World War I[edit]

The original concept of operation for the 250t-class boats was that they would sail in a flotilla at the rear of a cruising battle formation, and were to intervene in fighting only if the battleships around which the formation was established were disabled, or in order to attack damaged enemy battleships.[9] When a torpedo attack was ordered, it was to be led by a scout cruiser, supported by two destroyers to repel any enemy torpedo boats. A group of four to six torpedo boats would deliver the attack under the direction of the flotilla commander.[10]

a group of Italian sailors standing near the shore with naval ships in the background
The island of Pelogosa was garrisoned by Italian sailors in 1915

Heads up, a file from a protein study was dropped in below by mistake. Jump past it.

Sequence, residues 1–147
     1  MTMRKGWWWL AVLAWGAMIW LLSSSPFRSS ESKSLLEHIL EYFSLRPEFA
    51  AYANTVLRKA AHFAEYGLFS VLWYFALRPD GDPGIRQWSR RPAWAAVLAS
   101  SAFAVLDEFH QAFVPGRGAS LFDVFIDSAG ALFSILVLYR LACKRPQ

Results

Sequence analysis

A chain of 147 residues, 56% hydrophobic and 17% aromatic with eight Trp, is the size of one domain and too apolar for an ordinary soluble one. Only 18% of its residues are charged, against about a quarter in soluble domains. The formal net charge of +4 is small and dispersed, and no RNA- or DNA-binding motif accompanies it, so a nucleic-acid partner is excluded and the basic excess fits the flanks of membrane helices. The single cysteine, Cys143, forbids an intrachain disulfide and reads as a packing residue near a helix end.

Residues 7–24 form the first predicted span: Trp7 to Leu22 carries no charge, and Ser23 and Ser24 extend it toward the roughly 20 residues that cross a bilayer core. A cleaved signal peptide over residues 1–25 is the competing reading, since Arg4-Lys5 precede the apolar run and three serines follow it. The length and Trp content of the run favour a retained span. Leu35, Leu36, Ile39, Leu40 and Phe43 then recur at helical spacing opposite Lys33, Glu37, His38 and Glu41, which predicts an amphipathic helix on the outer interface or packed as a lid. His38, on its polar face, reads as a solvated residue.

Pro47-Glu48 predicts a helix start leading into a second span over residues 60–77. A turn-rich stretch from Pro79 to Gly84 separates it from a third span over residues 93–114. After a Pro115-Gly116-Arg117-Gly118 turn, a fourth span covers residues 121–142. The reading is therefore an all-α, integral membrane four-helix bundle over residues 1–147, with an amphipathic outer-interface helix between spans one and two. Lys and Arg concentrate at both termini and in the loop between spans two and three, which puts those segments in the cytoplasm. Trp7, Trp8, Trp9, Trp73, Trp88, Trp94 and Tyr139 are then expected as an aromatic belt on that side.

On 24 May 1915, 78 T and seven other 250t-class boats were involved in the shelling of various Italian shore-based targets known as the Bombardment of Ancona, with 78 T involved in the shelling of Porto Corsini near Ravenna.[11] In the latter action, an Italian 120 mm (4.7 in) shore battery returned fire, hitting the scout cruiser Novara and damaging one of the other 250t-class boats.[12] On the night of 18/19 June, 78 T was part of a flotilla – consisting of two scout cruisers, three destroyers and five 250t-class boats – providing distant cover for a bombardment of Rimini and Pesaro when they encountered and sank the Italian steamer Grazia near San Benedetto del Tronto.[13] On 23 July, 78 T and 77 T joined the scout cruiser Helgoland in bombarding Ortona as part of a 1st Torpedo Flotilla shore bombardment and landing operation on the central Adriatic coast of Italy which also targeted San Campomarino and Termoli and involved cutting the telegraph cable on the island of Tremiti.[14][b] On 17 August, the 1st Torpedo Flotilla shelled the island chain of Pelagosa in the middle of the Adriatic, and 78 T was part of a force tasked to protect the southern approaches to the islands from enemy submarines. The success of this bombardment, which destroyed the only source of drinking water, caused the Italians to abandon Pelagosa.[16] In late November 1915, the Austro-Hungarian fleet deployed a force from its main fleet base at Pola to Cattaro in the southern Adriatic; this force included six of the eight T-group torpedo boats. This force was tasked to maintain a permanent patrol of the Albanian coastline and interdict any troop transports crossing from Italy.[17] After an attack on Durazzo in Albania in which two Austro-Hungarian destroyers were sunk after straying out of a cleared lane through a minefield, on 30 December 78 T and four other 250t-class boats were sent south with the scout cruiser Novara in order to strengthen morale and try to prevent the transfer of the captured crew of one of the destroyers to Italy. No Italian ships were encountered, and the group returned to the Bocche the following day.[18]